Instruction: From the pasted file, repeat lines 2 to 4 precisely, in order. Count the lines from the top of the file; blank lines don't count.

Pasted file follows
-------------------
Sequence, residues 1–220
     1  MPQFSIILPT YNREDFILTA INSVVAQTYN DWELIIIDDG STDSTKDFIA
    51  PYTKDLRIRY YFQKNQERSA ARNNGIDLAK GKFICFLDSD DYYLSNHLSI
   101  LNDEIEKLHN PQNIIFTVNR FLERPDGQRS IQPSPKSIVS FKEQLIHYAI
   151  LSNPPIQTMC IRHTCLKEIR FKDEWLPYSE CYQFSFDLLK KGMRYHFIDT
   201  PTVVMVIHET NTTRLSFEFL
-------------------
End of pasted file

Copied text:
     1  MPQFSIILPT YNREDFILTA INSVVAQTYN DWELIIIDDG STDSTKDFIA
    51  PYTKDLRIRY YFQKNQERSA ARNNGIDLAK GKFICFLDSD DYYLSNHLSI
   101  LNDEIEKLHN PQNIIFTVNR FLERPDGQRS IQPSPKSIVS FKEQLIHYAI